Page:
Former CIA Agent Defects to Soviets

MOSCOW -- A fugitive ex-CIA agent, who was accused of selling U.S. intelligence secrets to Moscow, has been given political asylum in the Soviet Union, the government newspaper Izvestia said today.

Edward Lee Howard was "given the right of residence in the U.S.S.R. for political" and humanitarian reasons, the paper said in a brief announcement on its back page.

He was believed to be the first former CIA agent known to defect to the Soviet Union.

Howard, 34, worked for the CIA from January 1981 until June 1983, when he was fired, according to the FBI. He had been preparing for a post at the U.S. Embassy in Moscow, where he was to operate under the cover of being a budget analyst.

He later got a job in Sante Fe with the New Mexico Legislative Finance Committee. There he reportedly had close dealings with workers at the Los Alamos National Laboratory, where top-secret weapons research is done.

He quit his job suddenly last Sept. 22, and was charged the next day by the FBI with selling U.S. intelligence to Soviet KGB agents in Austria. But by then, he had disappeared.

Administration sources said last October that he had flown to Finland and was believed to have entered the Soviet Union.

Howard was believed to be the first American to defect to the Soviet Union since the 1960s.

The Los Angeles Times and the Washington Post have reported that the CIA fired Howard for drug abuse and mental instability.

On June 27, the Times quoted a classified report as saying information Howard gave the Soviets devastated U.S. intelligence operations in Moscow and led to the execution of one of the CIA's prime contacts, a Soviet engineer. CIA Director William Casey, through a spokeswoman, refused at the time to confirm or deny the existence of such a report.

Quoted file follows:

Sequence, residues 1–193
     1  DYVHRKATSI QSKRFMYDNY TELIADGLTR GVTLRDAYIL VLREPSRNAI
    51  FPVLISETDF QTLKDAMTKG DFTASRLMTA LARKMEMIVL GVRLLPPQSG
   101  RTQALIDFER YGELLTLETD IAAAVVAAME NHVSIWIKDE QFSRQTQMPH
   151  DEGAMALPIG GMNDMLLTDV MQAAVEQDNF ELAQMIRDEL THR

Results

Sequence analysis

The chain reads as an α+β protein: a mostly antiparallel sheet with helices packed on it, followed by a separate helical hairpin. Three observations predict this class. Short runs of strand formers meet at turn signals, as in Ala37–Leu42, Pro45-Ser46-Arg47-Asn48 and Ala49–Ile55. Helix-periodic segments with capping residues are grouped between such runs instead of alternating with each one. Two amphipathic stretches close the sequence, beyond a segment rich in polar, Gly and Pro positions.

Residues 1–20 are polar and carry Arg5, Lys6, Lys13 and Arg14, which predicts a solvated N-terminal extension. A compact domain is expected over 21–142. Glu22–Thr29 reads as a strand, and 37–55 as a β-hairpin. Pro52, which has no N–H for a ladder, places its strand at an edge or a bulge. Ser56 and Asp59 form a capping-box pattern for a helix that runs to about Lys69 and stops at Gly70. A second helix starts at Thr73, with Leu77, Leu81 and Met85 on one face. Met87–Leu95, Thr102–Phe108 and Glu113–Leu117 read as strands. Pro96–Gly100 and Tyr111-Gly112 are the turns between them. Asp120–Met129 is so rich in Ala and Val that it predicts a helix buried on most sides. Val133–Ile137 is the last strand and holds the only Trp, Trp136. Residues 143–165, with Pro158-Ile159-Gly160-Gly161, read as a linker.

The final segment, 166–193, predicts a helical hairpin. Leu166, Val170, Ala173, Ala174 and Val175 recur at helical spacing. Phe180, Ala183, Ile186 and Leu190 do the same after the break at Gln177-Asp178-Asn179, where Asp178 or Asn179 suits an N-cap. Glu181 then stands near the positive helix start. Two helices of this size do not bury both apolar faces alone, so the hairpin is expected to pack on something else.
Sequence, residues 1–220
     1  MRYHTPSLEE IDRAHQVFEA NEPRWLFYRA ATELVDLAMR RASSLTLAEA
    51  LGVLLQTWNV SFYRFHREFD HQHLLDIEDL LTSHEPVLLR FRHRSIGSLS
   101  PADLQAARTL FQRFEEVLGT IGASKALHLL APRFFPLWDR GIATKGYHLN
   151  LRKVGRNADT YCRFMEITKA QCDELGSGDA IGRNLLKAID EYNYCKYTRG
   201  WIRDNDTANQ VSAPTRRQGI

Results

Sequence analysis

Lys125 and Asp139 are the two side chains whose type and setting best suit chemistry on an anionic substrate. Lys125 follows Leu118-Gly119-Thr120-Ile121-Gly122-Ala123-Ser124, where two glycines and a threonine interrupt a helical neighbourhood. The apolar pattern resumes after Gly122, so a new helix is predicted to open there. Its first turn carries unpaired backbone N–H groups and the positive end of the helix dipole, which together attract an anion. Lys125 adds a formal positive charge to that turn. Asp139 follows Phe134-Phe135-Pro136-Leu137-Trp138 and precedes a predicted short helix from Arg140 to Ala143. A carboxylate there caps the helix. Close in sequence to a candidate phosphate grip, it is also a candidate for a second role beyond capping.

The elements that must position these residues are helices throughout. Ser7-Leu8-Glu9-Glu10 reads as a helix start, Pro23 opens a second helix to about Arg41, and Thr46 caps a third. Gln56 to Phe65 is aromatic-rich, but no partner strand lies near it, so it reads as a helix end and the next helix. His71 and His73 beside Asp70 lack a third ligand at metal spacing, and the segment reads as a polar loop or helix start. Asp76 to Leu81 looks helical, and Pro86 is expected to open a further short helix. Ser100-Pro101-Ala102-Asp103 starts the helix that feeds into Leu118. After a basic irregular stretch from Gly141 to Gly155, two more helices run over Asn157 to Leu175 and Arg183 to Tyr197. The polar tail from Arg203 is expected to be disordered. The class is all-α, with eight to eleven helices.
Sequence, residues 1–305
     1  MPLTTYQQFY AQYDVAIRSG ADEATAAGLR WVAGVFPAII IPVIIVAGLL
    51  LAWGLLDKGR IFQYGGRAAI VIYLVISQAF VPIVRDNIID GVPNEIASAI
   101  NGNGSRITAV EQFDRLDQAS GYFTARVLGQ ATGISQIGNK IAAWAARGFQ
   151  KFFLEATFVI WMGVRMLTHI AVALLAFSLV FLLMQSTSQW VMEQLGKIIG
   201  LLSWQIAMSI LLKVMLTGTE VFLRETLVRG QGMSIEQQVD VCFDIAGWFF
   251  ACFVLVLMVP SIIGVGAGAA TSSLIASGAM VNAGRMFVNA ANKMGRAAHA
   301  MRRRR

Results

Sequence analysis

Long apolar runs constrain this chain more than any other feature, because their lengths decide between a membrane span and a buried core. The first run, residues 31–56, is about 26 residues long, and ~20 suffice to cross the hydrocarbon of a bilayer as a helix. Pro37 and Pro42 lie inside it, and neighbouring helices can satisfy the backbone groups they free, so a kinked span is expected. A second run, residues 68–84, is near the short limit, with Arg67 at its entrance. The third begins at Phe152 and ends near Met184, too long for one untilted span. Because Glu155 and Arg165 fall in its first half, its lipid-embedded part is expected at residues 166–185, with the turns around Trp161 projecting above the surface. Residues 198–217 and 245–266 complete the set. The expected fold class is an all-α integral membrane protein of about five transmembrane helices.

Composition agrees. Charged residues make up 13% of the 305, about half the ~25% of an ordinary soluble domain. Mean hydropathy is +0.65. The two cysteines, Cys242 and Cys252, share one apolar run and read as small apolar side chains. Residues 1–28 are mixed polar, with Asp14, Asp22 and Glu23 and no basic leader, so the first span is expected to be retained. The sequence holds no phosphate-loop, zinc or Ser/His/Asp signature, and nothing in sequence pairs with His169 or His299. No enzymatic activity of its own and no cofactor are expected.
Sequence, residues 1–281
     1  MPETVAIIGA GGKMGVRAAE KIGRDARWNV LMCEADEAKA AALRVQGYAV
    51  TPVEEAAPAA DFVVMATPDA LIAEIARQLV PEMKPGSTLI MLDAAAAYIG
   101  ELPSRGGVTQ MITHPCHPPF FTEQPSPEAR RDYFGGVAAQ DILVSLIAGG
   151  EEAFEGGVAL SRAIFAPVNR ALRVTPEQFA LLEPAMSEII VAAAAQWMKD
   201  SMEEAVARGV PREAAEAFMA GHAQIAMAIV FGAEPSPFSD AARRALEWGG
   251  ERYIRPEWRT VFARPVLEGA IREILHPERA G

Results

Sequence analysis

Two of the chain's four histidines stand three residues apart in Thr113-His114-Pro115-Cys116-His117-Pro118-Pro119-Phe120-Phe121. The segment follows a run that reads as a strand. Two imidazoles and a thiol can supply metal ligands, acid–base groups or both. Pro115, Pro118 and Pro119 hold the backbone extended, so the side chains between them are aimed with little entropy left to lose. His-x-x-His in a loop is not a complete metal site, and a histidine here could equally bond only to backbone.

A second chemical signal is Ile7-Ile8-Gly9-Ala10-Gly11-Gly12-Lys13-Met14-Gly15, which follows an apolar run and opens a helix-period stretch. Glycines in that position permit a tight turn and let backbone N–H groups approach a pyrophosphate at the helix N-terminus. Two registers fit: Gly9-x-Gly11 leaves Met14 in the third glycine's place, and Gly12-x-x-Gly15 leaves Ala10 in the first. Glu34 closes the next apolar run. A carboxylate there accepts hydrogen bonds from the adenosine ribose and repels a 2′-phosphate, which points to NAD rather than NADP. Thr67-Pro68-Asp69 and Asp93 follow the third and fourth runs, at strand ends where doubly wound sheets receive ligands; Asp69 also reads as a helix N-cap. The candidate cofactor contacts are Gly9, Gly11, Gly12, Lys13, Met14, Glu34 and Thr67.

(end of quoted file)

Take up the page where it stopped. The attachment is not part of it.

The Times quoted an unidentified source as saying, `Howard disclosed virtually every active operation we had. He wiped out Moscow station."

Last year, a U.S. official in Washington said Howard may have been identified as a Soviet agent by Vitaly Yurchenko, a former high-ranking KGB official who defected in Rome but later returned to the Soviet Union.

Izvestia identified Howard simply as "a former CIA worker" and said he had applied for asylum.

"His request was motivated by the fact that he has been forced to hide from the special services of the United States, which were persecuting him without grounds," Izvestia said.

"Guided by humane considerations, the Presidium of the U.S.S.R. Supreme Soviet complied with the request of Edward Lee Howard. He has been granted the right to live in the U.S.S.R. for political reasons," the newpaper said.

There were a string of U.S. defectors to the Soviet Union in the 1960s, including American servicemen who later appeared on Soviet television or in the state-run press to denounce the United States.

American defector John Smith surfaced in Moscow in 1967 and wrote stories in the official press saying he had been a CIA agent, a claim that U.S. officials denied.

Howard, a New Mexico native, grew up traveling the world with his Air Force father. He was a Peace Corps volunteer from August 1972 to August 1974 in the Dominican Republic and Colombia, and worked from 1976-79 for the Agency for International Development.